Effects of Zn2+ and pyruvate on intracellular ATP contents and GADPH activity. (A) Zn2+ (squares) induced a rapid decline of intracellular ATP contents, which was abrogated by the addition of pyruvate(triangles). Temporal change in ATP contents induced by Zn2+ and pyruvate (A) paralleled that in MIN6N8 cell viability (B). Pyruvate alone (circles) did not significantly affect ATP contents or viability (A, B). (C) Treatment of MIN6N8 cells with Zn2+ decreased GAPDH activity in a similar time frame

As these results suggested the failure of ATP production as a probable cause of Zn2+-induced insulinoma cell death, we studied the effect of tricarboxylic acid (TCA) cycle intermediates on Zn2+-induced MIN6N8 cell death. The introduction of 10 mmol/l of oxaloacetate or α-ketoglutarate increased MIN6N8 cell viability after Zn2+ treatment, suggesting that acute depletion of ATP is responsible for insulinoma cell necrosis after Zn2+ treatment and its correction protects them from Zn2+-induced necrosis (Fig. 4). Also 5 mmol/l dimethylester of another TCA cycle intermediate succinate (succinic acid dimethyl ester, SAD) that penetrates efficiently into pancreatic islet cells inhibited Zn2+-induced MIN6N8 cell death (Fig. 4). As pyruvate, oxaloacetate and α-ketoglutarate are ROS scavengers and their protective effect might be related to the removal of oxygen radicals produced by Zn2+, we asked if antioxidants could inhibit Zn2+-induced insulinoma cell death. Classic antioxidants such as 100 µmol/l Trolox and 10 µmol/l butylated hydroxyanisole (BHA) did not significantly affect MIN6N8 cell death by Zn2+. In addition, the effect of α-ketobutyrate that has ROS scavenger properties but does not act as an energy substrate on Zn2+-induced MIN6N8 cell death was much less than that of pyruvate, oxaloacetate or α-ketoglutarate, suggesting that the effect of pyruvate or TCA cycle intermediates is not related to the scavenging of oxygen radicals (Fig. 4).
Fig. 4.

Effects of energy substrates and antioxidants on Zn2+-induced MIN6N8 cell death. Oxaloacetate, α-ketoglutarate or SAD as TCA cycle intermediates or their cell-permeable ester substantially inhibited the necrosis of MIN6N8 cells by Zn2+, while antioxidants such as BHA, Trolox or α-ketobutyrate did not notably affect their death compared to pyruvate, oxaloacetate or α-ketoglurarate. Results are representative of three or more experiments carried out in triplicate

As pyruvate could increase the cytoplasmic content of NAD+ through its conversion to lactate in the presence of sufficient lactate dehydrogenase (LDH) and the increase in NAD+ contents has been suggested to be an important mechanism of pyruvate-mediated protection of neuronal cells, we hypothesised if methylpyruvate that is not metabolized in cytoplasm but acts as an insulin secretagogue by generating ATP in mitochondria could protect insulinoma cells against Zn2+ -induced necrosis. The addition of 10 mmol/l methylpyruvate abrogated Zn2+-induced insulinoma cell death like pyruvate (Fig. 5A). It also protected ATP levels in Zn2+-treated insulinoma cells, which suggests that the protective effect of pyruvate against Zn2+-induced insulinoma cell death is due to the restoration of ATP levels rather than an increase in NAD+ contents and might be related to an insufficient LDH in islet/insulinoma cells (Fig. 5B). Additionally, 10 mmol/l α-ketoisocaproate (KIC) that is exclusively metabolized in mitochondria and stimulates ATP production like methylpyruvate inhibited Zn2+-induced MIN6N8 cell death, indicating the role of ATP metabolism in Zn2+-induced insulinoma cell death. The addition of 10 mmol/l lactate that is not converted to pyruvate in insulinoma/islet cells because of insufficient LDH did not inhibit Zn2+-induced necrosis of insulinoma cells (Fig. 5A).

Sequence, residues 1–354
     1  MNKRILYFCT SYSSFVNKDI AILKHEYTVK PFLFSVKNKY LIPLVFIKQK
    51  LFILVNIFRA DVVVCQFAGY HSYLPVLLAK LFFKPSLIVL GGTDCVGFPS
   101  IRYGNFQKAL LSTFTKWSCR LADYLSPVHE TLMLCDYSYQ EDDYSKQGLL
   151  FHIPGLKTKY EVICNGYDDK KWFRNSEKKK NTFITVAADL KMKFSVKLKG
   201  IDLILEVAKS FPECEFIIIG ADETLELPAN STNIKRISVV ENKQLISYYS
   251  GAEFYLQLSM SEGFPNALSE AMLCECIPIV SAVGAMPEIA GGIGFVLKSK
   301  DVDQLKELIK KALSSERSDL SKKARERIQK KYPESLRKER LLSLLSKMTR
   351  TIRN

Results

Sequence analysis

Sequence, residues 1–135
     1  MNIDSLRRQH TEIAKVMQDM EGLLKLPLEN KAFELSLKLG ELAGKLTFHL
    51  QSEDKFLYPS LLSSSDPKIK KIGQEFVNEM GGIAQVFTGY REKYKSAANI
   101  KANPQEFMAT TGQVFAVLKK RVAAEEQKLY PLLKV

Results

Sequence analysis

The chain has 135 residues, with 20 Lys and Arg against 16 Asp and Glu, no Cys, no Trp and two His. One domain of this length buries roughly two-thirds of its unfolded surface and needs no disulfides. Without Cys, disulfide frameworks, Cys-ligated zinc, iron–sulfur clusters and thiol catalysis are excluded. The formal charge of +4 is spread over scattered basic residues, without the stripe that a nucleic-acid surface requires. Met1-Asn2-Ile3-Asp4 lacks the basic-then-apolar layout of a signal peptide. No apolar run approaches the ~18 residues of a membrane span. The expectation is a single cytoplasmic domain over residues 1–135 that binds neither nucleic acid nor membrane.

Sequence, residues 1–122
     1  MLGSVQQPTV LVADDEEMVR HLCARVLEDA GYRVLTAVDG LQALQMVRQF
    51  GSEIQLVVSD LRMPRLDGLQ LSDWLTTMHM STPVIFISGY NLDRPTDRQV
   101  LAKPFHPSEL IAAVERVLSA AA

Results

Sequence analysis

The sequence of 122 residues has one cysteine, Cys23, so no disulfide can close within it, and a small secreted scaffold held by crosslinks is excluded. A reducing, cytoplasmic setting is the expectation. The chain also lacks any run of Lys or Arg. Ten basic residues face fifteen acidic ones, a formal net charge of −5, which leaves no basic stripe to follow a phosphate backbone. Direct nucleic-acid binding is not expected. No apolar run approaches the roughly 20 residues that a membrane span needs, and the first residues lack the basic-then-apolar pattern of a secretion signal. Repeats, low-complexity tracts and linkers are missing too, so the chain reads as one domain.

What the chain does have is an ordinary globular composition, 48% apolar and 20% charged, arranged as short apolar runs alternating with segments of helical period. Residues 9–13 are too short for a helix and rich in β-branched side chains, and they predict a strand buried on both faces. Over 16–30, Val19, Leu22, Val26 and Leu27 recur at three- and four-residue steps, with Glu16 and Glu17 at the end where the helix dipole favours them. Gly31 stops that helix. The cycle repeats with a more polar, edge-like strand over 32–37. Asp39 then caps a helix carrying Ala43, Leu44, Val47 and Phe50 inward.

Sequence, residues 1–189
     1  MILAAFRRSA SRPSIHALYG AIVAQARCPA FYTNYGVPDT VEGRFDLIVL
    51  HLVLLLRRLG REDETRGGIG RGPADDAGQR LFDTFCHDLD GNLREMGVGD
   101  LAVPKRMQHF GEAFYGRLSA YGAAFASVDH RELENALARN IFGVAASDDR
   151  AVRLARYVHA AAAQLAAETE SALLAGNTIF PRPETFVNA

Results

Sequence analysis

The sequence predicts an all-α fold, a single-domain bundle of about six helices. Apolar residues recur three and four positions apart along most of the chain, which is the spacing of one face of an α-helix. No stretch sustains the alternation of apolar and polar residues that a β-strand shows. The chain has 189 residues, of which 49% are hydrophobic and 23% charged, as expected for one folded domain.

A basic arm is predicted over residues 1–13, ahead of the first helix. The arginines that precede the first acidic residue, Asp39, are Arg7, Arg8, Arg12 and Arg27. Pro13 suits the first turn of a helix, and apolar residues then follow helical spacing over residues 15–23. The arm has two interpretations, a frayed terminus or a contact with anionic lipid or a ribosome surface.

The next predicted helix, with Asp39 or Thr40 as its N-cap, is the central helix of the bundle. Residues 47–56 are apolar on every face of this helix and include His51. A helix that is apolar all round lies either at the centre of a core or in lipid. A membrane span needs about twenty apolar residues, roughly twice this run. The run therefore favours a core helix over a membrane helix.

Fig. 5A, B.

Inhibition of Zn2+-induced MIN6N8 cell death by methylpyruvate. (A) Methylpyruvate that is not metabolized in cytoplasm but generates ATP in mitochondria or KIC that is exclusively metabolized in mitochondria and stimulates ATP production abrogated MIN6N8 cell necrosis by Zn2+. (B) Methylpyruvate protected intracellular ATP contents after Zn2+ treatment as efficiently as pyruvate. Results are representative of three or more experiments carried out in triplicate

Inhibition of STZ-induced diabetes by pyruvate infusion